Eyes on the Earth Festival
Saturday, February 23, 2013 from 1:00 PM to 4:30 PM (EST)
One of the most exciting discoveries in biodiversity occurred this past year when the elusive Lesula monkey was discovered in the Democratic Republic of Congo. This historic find, however, was impossible without the help of local people and without the use of sustainable logging practices, the home of this forest-dwelling monkey may be irrevocably destroyed. The DuMond Conservancy will host a festival to celebrate the Earth and all the exciting discoveries it has to offer on Saturday, February 23, 2013 in a unique lush outdoor environment at Monkey Jungle. Dr. Kate Detwiler, one of the members of the team that discovered the Lesula monkey, will be delivering the keynote address at the festival.
This youth led event will feature exciting performances by Momentum Dance Company and Brazilian dancers and drummers which will invite audience participation, music inspired by the environmental wonders of South Florida, a drama written by New World School of the Arts drama student, Kaithleen Conoepan, “Eyes on the Earth” depicting Citizen Science and the impact volunteers make in conservation, and an Eco Fashion Show will showcase the fashionable side of living sustainably. Family activities will include ways in which our community can participate in science directly and contribute directly to conservation. Ecological displays featuring sustainable lifestyle choices.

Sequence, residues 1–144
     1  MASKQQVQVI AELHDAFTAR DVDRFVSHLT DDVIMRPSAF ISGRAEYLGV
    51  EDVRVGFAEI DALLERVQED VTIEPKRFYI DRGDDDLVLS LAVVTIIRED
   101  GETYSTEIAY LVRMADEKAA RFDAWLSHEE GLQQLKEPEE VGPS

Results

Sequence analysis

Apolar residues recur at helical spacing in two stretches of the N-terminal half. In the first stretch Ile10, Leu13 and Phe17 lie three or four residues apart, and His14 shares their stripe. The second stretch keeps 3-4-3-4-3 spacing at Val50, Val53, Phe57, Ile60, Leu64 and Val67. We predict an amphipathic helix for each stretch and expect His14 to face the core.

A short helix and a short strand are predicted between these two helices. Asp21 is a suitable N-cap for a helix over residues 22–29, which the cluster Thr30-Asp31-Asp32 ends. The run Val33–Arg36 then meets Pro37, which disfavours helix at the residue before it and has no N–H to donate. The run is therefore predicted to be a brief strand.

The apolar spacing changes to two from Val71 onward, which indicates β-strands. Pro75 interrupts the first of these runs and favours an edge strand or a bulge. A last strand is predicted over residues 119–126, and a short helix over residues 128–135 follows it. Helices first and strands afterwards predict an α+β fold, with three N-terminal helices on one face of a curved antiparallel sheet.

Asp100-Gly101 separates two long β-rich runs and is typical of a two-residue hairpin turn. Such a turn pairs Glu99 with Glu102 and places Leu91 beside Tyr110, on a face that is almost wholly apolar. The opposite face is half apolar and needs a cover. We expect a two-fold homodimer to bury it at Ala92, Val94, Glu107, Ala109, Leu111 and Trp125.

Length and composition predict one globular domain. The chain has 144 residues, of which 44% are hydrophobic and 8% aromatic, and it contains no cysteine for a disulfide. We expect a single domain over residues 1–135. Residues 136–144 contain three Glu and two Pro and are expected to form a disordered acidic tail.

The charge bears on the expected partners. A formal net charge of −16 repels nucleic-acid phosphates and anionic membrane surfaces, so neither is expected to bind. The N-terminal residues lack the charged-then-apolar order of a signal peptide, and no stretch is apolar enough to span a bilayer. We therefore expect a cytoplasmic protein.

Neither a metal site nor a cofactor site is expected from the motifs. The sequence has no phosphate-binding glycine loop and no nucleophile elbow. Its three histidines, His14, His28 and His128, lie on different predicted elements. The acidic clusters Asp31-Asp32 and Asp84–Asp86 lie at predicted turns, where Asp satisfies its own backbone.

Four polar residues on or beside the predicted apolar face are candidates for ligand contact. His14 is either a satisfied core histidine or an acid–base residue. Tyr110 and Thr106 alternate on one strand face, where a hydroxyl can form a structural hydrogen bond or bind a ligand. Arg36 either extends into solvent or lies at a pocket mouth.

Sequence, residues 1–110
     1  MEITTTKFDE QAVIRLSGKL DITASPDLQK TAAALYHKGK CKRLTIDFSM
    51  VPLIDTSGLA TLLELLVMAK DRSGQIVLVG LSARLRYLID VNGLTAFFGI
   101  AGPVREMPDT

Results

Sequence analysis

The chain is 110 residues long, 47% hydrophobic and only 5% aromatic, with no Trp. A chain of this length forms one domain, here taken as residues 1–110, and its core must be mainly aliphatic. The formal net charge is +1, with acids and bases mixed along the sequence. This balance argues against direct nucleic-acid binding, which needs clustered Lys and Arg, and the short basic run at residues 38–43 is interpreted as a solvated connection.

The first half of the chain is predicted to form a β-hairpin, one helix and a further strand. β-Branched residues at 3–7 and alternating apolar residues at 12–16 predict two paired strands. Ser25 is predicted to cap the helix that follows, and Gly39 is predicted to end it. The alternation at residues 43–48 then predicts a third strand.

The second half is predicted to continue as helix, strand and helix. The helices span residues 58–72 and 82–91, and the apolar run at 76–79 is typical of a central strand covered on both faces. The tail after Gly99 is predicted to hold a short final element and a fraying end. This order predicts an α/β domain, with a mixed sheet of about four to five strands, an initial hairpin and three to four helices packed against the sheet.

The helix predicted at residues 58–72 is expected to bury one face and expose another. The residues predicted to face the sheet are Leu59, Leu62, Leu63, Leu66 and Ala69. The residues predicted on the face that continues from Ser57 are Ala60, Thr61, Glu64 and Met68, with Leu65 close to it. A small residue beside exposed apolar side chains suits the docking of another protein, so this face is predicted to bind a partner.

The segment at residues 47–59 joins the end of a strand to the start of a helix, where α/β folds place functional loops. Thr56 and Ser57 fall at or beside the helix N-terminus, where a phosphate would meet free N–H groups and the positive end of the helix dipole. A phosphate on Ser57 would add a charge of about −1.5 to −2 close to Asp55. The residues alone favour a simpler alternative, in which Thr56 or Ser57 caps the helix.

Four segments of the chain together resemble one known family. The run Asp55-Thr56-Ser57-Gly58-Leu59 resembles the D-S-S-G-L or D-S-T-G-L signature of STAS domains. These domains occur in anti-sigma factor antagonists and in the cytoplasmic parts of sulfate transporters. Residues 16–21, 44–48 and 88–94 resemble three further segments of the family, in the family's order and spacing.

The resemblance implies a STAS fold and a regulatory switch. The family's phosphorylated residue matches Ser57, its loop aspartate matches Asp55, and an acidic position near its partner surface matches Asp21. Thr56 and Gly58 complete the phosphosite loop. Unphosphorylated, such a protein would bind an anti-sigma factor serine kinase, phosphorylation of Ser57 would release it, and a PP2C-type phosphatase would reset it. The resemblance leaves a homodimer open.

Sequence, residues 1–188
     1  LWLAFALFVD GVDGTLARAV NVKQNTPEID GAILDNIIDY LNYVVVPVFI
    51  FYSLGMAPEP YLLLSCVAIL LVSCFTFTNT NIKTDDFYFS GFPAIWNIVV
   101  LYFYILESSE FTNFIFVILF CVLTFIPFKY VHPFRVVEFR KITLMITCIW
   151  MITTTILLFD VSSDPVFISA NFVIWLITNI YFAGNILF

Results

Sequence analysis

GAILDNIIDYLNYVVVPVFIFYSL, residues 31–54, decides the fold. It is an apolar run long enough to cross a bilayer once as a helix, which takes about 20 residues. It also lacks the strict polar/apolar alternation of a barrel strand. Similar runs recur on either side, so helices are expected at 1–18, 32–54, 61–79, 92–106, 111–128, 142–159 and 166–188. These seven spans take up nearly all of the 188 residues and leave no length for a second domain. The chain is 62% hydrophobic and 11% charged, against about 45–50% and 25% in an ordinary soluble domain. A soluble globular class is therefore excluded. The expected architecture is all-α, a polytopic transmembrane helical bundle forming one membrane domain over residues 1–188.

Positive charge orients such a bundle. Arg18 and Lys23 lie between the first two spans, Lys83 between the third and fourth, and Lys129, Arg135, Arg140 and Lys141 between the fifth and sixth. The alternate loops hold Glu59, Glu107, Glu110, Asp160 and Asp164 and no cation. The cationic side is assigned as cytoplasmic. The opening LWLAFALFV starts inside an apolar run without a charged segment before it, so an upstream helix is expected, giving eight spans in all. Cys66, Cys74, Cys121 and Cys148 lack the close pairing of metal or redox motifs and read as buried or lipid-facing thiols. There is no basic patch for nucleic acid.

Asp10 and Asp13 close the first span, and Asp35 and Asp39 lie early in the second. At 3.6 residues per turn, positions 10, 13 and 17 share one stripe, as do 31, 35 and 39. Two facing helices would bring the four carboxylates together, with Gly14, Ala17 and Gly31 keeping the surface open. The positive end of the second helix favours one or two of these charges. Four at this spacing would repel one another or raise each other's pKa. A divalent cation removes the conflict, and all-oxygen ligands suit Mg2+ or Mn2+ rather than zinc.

The Eyes on the Earth Festival is made possible with the support of the Miami-Dade County Department of Cultural Affairs, Cultural Affairs Council, the Miami-Dade County Mayor and Board of County Commissioners, and State Farm.
When & Where
The DuMond Conservancy for Primates and Tropical Forest’s Inc. was founded in 1990 and is a not-for profit scientific organization located on the grounds of Monkey Jungle in South Miami-Dade County. The mission of the DuMond Conservancy is to engage scientists, students, and the public in the understanding and stewardship of nonhuman primates and their tropical forest habitats. We provide opportunities for scientists and for students of varying ages and abilities to participate in creative science and educational programs and to experience unique encounters with nonhuman primates.